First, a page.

Springfield school spending comes in more than $150K over budget
By Christian Avard
Staff Writer | September 18,2013
SPRINGFIELD — The Springfield School District is spending more money than they anticipated this fiscal year.
Director of Fiscal Services Steven Hier said at Monday’s School Board meeting the district is spending $150,674 more than the $27.5 million budget that voters passed in April. Hier attributed the extra expenses to four main areas: tuition costs, retiree benefits, occupational therapy and behavioral services costs.
“It’s not good,” Hier said Monday.
More than $111,719 of extra spending went toward a student who required out-of-district special education. Special education administrators made the decision at the end of the 2012-2013 school year.
Hier said it was an unanticipated expense, but the school district agreed with special education administrators that the student would benefit from a new learning environment.
“We didn’t know about it at budget time. Otherwise we would have budgeted for that,” Hier said.
Scott Adnams, who was serving his final meeting as School Board chairman, asked whether the student will return to the school district the following year. Director of Special Services Sarah Vogel said the out-of-district placements are for a temporary period of time and that students will eventually return to the school district.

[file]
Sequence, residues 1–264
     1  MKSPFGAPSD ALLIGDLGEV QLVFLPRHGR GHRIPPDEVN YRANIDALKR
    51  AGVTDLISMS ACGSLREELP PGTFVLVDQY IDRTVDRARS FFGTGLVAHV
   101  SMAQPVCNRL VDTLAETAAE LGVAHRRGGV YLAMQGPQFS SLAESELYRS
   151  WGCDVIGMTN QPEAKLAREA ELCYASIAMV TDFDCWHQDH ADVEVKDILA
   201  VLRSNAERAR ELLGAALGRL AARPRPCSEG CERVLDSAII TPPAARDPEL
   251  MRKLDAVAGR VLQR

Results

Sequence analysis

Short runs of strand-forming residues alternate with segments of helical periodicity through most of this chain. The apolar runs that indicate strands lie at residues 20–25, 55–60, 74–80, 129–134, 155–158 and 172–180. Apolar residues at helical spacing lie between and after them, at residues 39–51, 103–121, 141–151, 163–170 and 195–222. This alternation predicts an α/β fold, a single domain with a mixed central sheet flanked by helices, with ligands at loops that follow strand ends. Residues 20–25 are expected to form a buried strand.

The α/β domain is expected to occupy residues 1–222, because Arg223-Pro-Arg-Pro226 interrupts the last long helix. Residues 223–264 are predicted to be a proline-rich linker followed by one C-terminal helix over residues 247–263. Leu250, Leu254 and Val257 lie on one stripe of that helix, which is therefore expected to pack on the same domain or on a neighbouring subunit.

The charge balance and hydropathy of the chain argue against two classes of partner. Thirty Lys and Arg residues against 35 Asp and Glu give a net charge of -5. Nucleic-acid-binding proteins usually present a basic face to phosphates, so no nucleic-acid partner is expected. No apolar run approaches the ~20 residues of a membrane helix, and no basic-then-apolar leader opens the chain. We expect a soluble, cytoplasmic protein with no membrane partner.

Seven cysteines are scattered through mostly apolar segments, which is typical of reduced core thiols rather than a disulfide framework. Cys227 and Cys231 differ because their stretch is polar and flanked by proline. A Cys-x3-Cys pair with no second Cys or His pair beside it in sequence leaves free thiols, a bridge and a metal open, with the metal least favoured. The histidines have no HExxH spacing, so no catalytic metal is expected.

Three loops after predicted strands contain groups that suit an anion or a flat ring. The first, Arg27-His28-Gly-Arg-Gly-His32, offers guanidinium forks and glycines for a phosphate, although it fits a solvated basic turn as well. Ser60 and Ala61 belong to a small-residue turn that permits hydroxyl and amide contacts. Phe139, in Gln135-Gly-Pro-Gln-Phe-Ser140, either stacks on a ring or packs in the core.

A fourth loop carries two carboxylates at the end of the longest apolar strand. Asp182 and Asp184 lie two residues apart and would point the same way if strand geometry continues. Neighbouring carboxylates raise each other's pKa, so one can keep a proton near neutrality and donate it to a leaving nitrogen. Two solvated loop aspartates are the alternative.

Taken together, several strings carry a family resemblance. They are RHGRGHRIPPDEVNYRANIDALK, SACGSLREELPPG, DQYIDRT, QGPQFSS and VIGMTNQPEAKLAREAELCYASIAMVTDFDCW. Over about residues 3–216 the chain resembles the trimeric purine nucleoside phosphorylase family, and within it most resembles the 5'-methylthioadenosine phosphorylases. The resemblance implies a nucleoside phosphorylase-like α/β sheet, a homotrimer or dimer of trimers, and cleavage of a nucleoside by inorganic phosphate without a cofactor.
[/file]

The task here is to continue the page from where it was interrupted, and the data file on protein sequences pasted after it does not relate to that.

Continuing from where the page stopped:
“It’s a huge decision to make. It’s like a balancing act of what’s going to be in the best interest of district and student. We want it to be as short of a period as we can,” Vogel said.
Despite the spending deficit, Hier said the school district is expecting $70,875 back in revenues, mostly in reimbursements by the state for special education costs. But even with the reimbursement it would still leave the school district with a net deficit of $79,799.
Hier said there are other avenues the district will consider to deal with the deficit and they will wait and see what will work best by Town Meeting Day.
“It’s still early in the year and anything can happen,” Hier said. “This month we’ll reconcile what we budgeted for health insurance toward the people we hired including support staff salaries and enrollment in the Gateway program and occupation development programs and see where they are. We spent over $3 million in health insurance and maybe there could be savings in that area as well.”
The School Board did not make a decision on how to address the remaining money. The district’s finances will be discussed in further detail at the next School Board meeting.